1. My family, friends and community. This one goes without saying.
2. Lakes and pools.
- There aren't any lakes up here, and if there were, I don't know that it would be safe to swim in them. There's no telling what's in there.
- There are public pools, but it's a very different experience. Lots of rules are involved. First off, you have to buy a lock (or bring your own) for the locker, and then lock all your belongings up. You aren't usually allowed to bring in food. You can bring a towel, your keys, your phone and a book. No electronics are allowed on the pool deck (i.e. iPod and phone). I haven't been yet, but I've heard they are somewhat crowded and many people lay out on the concrete due to the lack of chairs.
- Yes, this deserves the number three spot on my list. It maybe should have been number two. Apparently, there is a Chick-fil-a in the NYU food court, but I haven't tried it out yet. Of course, they don't make any of the food there, but it might be better than nothing.
4. The convenience of having a washer and dryer.
- People don't have washers in dryers in their apartments. A few might, but the majority don't. I'm very fortunate to have a laundry room in the basement of my building, but many New Yorkers have to lug their clothes to a laundromat to do laundry. I used the word "lug" on purpose because plenty of apartment buildings are without elevators (not mine), and you may have to walk a few blocks to a nearby laundromat.
5. A dishwasher.
- Again, not many apartments are equipped with a dishwasher. I've lived without a dishwasher before, and it's not a huge deal, but it's a very nice thing to have :)
6. Home cooked meals.
- Both of my parents are great cooks, and my Dad loves to make gourmet meals on the weekends. My mom always keeps me in the loop about the new recipes he tests out, and it makes me want to be there so bad. I enjoy cooking, but cooking for one person isn't always the easiest or most convenient thing when you have a small kitchen and don't get home until seven or later every night. Let's just say I lack my usual inspiration up here. New York does that to you. I usually cook once or twice a week and will make a big meal that will supply me with plenty of leftovers.
7. A car. However, there are pros and cons to the subway.
- Pros: It's nice to be able to read everyday on my way to work. My commute is about 40 minutes, and this is very normal for New Yorkers. Unless you happen to live within walking distance of your job, most people have a thirty minute to hour long commute regardless of where you live. I only live five or six miles from work, but I still have a nice little commute.
- Cons: While I enjoy not having to drive 40 minutes, there are definitely some down sides to the subway. No matter where I go, I always allow myself 20 minutes to go somewhere, even if it's just one or two stops away. You never know how long you'll have to wait for the train, so you always want to give yourself plenty of time. When I'm traveling to and from work, I rarely have to wait more than two or three minutes, but the trains run less frequently on nights and weekends. This is when I really miss the convenience of being able to hop in my car and drive to the grocery store a mile down the road.
8. The cost of living.
- Don't even get me started about how much everyone pays in rent up here. Unless you're super rich, no one owns any real estate. If you want to live anywhere in Manhattan, you either need to a) be okay with having a tiny little apartment - I'm talking a bedroom the size of a walk-in closet or b) be willing to fork up a good bit of money. This means a minimum of $1200 a month - and that's with several roommates.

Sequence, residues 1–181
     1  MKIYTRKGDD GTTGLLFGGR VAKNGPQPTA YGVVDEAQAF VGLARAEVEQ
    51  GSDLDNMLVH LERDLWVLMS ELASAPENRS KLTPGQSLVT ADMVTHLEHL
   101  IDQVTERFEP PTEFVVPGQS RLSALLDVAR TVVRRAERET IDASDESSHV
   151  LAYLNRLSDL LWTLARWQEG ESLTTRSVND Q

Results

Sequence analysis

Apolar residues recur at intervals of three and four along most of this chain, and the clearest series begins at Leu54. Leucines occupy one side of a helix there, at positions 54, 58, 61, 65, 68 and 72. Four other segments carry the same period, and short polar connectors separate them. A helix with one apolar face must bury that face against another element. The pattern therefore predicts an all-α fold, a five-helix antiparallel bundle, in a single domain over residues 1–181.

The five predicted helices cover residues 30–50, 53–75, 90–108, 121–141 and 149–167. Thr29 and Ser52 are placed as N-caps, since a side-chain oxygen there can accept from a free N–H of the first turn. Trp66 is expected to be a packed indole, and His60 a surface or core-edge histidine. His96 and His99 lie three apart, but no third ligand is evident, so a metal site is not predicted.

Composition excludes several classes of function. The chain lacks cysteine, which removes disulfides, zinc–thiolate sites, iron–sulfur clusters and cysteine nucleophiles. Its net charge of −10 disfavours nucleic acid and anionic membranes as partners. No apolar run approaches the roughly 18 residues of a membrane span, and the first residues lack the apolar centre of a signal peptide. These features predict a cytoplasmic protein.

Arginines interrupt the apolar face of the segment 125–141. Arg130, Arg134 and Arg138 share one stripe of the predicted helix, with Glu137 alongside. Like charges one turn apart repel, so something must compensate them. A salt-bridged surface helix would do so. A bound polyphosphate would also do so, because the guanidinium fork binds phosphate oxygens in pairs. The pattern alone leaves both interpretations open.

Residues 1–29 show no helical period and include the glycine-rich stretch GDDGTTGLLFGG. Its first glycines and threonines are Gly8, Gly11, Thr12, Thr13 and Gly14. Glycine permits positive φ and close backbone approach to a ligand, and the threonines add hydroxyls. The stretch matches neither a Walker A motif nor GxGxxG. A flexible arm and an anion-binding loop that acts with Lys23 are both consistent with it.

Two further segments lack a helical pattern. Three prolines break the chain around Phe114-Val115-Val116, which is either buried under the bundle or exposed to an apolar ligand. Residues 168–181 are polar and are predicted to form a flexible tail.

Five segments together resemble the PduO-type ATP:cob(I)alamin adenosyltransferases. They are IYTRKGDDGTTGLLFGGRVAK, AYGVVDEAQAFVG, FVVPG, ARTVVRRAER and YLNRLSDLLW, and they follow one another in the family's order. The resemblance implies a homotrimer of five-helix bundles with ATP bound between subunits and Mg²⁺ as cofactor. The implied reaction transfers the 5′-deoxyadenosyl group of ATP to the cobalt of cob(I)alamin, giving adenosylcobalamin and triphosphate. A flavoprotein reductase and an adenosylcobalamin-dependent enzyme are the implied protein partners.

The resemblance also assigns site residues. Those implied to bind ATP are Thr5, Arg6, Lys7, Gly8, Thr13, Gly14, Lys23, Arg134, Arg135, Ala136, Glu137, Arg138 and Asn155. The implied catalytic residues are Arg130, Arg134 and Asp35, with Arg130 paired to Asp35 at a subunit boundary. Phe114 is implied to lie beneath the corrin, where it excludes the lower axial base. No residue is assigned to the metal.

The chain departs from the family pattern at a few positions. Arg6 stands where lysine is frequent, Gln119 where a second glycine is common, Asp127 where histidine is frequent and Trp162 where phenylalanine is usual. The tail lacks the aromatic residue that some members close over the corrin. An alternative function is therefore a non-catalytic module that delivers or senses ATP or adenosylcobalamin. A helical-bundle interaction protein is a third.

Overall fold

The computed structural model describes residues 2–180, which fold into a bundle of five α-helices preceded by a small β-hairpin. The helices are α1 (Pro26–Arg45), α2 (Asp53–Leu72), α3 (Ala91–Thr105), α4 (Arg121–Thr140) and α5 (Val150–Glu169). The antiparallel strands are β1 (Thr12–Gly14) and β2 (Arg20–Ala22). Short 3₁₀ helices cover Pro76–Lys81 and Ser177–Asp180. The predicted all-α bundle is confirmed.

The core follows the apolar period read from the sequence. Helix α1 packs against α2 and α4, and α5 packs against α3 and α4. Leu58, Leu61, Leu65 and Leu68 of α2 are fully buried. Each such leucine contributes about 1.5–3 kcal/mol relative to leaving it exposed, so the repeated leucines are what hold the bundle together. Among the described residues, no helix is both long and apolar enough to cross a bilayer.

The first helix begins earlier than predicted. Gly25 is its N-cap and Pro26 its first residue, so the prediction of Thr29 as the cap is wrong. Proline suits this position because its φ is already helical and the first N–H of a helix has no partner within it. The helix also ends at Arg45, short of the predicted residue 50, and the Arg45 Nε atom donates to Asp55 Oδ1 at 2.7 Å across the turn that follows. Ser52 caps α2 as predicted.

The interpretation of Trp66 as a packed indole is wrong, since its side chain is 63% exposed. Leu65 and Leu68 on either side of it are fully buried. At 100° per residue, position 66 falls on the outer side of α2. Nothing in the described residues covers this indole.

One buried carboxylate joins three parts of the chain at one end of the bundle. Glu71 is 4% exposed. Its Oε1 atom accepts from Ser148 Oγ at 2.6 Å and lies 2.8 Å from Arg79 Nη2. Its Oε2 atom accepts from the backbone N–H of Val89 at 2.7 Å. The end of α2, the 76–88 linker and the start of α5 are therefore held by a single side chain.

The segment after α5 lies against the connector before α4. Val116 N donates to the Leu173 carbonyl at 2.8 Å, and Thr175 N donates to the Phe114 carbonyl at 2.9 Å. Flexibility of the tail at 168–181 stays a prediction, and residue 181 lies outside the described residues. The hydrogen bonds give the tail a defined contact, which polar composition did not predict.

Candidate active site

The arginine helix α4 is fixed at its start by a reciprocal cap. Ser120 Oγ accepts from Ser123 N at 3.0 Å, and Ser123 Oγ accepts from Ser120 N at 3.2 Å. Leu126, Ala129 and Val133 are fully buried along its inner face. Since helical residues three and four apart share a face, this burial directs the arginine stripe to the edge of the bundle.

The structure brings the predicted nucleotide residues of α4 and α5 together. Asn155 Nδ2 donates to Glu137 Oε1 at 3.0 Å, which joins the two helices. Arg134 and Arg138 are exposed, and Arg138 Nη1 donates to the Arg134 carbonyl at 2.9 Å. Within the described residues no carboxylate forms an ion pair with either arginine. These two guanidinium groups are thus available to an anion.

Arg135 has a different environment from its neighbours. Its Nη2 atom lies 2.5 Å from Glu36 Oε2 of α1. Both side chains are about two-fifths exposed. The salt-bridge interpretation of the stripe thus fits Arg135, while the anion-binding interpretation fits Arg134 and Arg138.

- Food can be a bit pricier as well, especially when eating out. I've done my research and found several places I can eat at without paying a ton, but you can end up spending a lot on food if you're not careful. The main grocery stores people go to are Whole Foods and Trader Joe's, and Trader Joe's has a reputation of being the cheapest grocery store in the city. There are a few supermarkets, but nothing near as big as Bi-Lo, Publix, Ingles, etc. The supermarkets tend to be a little on the pricier side.
9. The work-life balance.
- As a whole, Americans are known for not being able to relax and disconnect. It's SO much worse up here. It might not like this in all professions, but corporate culture up here is very intense. People definitely work hard in the South, but for New Yorkers, work is their life. I honestly don't know how they balance it all.
10. Southern gentlemen.
- First off, New Yorkers aren't rude, regardless of any stereotypes associated with "Yankees." It's just different up here. I don't think people are always aware of their surroundings. Everyone's worried about where they need to be and are lost in thoughts of their own. That being said, I definitely miss always having the door opened for me. There are also many times that I'm standing on the subway and can't help but wish one of the many men around me would give up their seat. Or give up their seat for the elderly lady standing up. Those kinds of things wouldn't happen in the South. But like I said, it's just different up here. People don't expect to have the door opened for them. They don't expect someone to give up their seat on the subway. But that's okay. It's not looked at as an insult up here, it's just their way of life, and you have to accept that.
11. Fresh air.
- New York is full of all kinds of smells, and not all of them are great. I can't wait to breathe the fresh, albeit humid, air down South.
- You just can't think about all the germs floating around up here or you'll drive yourself crazy. The sidewalks are far from clean. I don't want to know how many people have touched the bars in the subway. Like I said, you can't think about it.
And there you have it! I'll post a list of things I'll miss about New York soon!